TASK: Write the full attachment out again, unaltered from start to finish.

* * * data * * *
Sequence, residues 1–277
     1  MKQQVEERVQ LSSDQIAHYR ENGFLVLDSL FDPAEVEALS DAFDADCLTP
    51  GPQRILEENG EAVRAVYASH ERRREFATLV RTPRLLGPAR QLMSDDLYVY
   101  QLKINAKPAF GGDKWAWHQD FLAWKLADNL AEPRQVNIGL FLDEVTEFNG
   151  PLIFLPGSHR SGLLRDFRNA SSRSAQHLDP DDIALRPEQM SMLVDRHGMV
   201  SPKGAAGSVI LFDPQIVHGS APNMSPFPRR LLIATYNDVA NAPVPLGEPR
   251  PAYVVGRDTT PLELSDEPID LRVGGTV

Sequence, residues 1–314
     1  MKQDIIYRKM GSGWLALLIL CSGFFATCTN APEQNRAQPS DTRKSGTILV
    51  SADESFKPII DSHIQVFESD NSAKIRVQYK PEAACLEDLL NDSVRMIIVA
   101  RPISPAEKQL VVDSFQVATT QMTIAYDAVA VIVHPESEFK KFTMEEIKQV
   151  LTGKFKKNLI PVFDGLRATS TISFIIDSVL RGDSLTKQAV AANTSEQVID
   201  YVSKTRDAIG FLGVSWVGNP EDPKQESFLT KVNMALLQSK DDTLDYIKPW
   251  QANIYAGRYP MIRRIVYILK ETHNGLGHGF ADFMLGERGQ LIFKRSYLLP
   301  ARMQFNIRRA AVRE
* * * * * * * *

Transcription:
Sequence, residues 1–277
     1  MKQQVEERVQ LSSDQIAHYR ENGFLVLDSL FDPAEVEALS DAFDADCLTP
    51  GPQRILEENG EAVRAVYASH ERRREFATLV RTPRLLGPAR QLMSDDLYVY
   101  QLKINAKPAF GGDKWAWHQD FLAWKLADNL AEPRQVNIGL FLDEVTEFNG
   151  PLIFLPGSHR SGLLRDFRNA SSRSAQHLDP DDIALRPEQM SMLVDRHGMV
   201  SPKGAAGSVI LFDPQIVHGS APNMSPFPRR LLIATYNDVA NAPVPLGEPR
   251  PAYVVGRDTT PLELSDEPID LRVGGTV

Sequence, residues 1–314
     1  MKQDIIYRKM GSGWLALLIL CSGFFATCTN APEQNRAQPS DTRKSGTILV
    51  SADESFKPII DSHIQVFESD NSAKIRVQYK PEAACLEDLL NDSVRMIIVA
   101  RPISPAEKQL VVDSFQVATT QMTIAYDAVA VIVHPESEFK KFTMEEIKQV
   151  LTGKFKKNLI PVFDGLRATS TISFIIDSVL RGDSLTKQAV AANTSEQVID
   201  YVSKTRDAIG FLGVSWVGNP EDPKQESFLT KVNMALLQSK DDTLDYIKPW
   251  QANIYAGRYP MIRRIVYILK ETHNGLGHGF ADFMLGERGQ LIFKRSYLLP
   301  ARMQFNIRRA AVRE